Welcome to the Ask a Poet blog series! Leading up to the 2018 Dodge Poetry Festival, we will be putting the spotlight on poets you can see at #DPF18, October 18-21. Learn more about a new Festival Poet every Wednesday and Friday, presented in no particular order.
Today, we’re getting to know Academy of American Poets Chancellor Alicia Ostriker!
If someone sitting next to you on an airplane asked you to describe your poetry, how would you describe it?
When I tell a stranger I’m a poet and the stranger asks “What kind of poetry do you write?” I like to say I write poems about life and death, love and sex, family, the weather, the city, religion, politics, and art. Usually they have nothing to say after that. Sometimes I say I write poems to make people laugh and cry. Once it happened that a man in a suit who sat next to me on a plane looked at me condescendingly (you know the way they do?) when I said I was a poet, and asked “Are you published?” “Yes,” I answered. “I’ve published ten books.” He was quiet after that. And it happened just once that the person I was sitting next to on a plane turned out to have read my poetry. That was a treat!
When did you first discover poetry? What poets made you want to write?
As a student I wanted to be some combination of John Donne, John Keats, and Gerard Manly Hopkins. As an American, I’m a daughter of Whitman, Williams, and Ginsberg (all of them with New Jersey connections, by the way). As a woman, I wanted to write like H.D, Sylvia Plath, Anne Sexton, Adrienne Rich, Lucille Clifton, Toi Derricotte, Marilyn Nelson, and so on and so forth…
What is the role of poetry in today’s world?
Same as always. It can find language for human experiences that never found language before, it can illuminate reality, it can shock, console, and awaken readers and listeners, it can attack, it can curse and bless, it can make beauty out of bitterness, it can fool around, it can tell stories, it can reach across boundaries, it can change your mind, it can change the world. Yes, it can. Maybe just a little. Auden was wrong. Poetry can make things happen, and more and more people are catching on to that.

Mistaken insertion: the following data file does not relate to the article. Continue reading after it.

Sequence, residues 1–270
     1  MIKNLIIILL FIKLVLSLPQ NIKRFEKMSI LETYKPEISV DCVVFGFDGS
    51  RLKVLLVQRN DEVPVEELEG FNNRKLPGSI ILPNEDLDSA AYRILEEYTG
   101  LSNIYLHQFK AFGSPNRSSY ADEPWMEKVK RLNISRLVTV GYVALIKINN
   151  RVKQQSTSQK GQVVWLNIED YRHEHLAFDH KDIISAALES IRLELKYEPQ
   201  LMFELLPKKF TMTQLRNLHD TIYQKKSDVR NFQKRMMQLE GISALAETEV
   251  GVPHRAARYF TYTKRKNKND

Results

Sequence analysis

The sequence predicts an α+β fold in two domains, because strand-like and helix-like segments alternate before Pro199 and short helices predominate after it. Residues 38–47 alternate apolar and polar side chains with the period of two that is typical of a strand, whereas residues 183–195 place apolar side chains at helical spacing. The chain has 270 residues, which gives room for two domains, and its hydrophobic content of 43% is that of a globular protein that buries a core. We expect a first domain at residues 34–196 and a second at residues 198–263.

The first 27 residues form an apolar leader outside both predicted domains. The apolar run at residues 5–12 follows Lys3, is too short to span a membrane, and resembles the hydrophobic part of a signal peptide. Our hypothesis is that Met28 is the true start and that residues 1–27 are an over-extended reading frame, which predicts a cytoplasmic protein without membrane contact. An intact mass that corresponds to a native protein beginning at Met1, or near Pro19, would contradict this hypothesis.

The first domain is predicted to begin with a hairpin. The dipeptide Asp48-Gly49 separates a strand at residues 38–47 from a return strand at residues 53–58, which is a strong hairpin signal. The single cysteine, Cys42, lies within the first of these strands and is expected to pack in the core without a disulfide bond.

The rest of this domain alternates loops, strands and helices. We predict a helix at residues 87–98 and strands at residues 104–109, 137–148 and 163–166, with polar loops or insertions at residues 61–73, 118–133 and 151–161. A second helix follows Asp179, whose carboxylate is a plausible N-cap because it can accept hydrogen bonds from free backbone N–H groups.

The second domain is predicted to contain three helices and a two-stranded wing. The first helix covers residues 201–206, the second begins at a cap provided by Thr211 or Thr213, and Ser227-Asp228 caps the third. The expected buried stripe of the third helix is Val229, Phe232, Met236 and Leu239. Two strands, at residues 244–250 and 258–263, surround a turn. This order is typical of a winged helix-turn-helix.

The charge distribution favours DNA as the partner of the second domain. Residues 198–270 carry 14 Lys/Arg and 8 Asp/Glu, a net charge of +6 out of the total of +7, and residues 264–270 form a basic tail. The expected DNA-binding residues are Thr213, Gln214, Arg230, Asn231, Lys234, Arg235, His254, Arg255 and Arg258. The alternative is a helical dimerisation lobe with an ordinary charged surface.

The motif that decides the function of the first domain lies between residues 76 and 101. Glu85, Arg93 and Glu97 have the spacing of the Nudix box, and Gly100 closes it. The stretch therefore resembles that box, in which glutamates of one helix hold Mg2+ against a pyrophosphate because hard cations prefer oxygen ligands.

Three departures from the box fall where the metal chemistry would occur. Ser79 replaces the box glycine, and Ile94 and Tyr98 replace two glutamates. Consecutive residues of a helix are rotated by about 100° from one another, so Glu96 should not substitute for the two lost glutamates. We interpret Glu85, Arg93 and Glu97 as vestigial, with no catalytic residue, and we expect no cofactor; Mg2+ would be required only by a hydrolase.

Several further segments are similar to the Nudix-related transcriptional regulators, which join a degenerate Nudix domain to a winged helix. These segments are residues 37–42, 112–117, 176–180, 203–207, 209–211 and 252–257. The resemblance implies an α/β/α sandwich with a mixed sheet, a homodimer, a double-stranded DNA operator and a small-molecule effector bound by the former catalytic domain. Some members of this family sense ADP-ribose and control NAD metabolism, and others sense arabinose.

Tell us about your favorite experience reading for an audience.
Years ago, I opened for Allen Ginsberg at the Bumbershoot Festival. B.B. King was playing at the other end of the festival grounds, but we were in some arena as big as Madison Square Garden (or so it seemed) and it was packed to the rafters. Being applauded by Allen’s fans–and they kept applauding till I did an encore–that was a thrill.
Have you ever written anything you were afraid to share?
Yes. Poems about my family. And then I shared them and the sky didn’t fall in.
What are you looking forward to most at this year’s Dodge Poetry Festival?
Everything, really. But especially meeting poets I admire, and being awestruck. And I love the live music between the panels.
Alicia Ostriker has published fourteen volumes of poetry, including Waiting for the Light; The Old Woman, the Tulip, and the Dog; The Book of Life: Selected Jewish Poems 1979-2011; No Heaven; The Volcano Sequence; and The Imaginary Lover, winner of the William Carlos Williams Award. She was twice a National Book Award Finalist, for The Little Space (1998) and The Crack in Everything (1996). Her poetry has appeared in The New Yorker, American Poetry Review, The Atlantic, Paris Review, Yale Review, Ontario Review, The Nation, The New Republic, Best American Poetry, The Pushcart Anthology, and many other journals and anthologies, and has been translated into numerous languages including Hebrew and Arabic. Ostriker’s critical work includes the now-classic Stealing the Language: the Emergence of Women’s Poetry in America, and other books on American poetry from Walt Whitman to the present.
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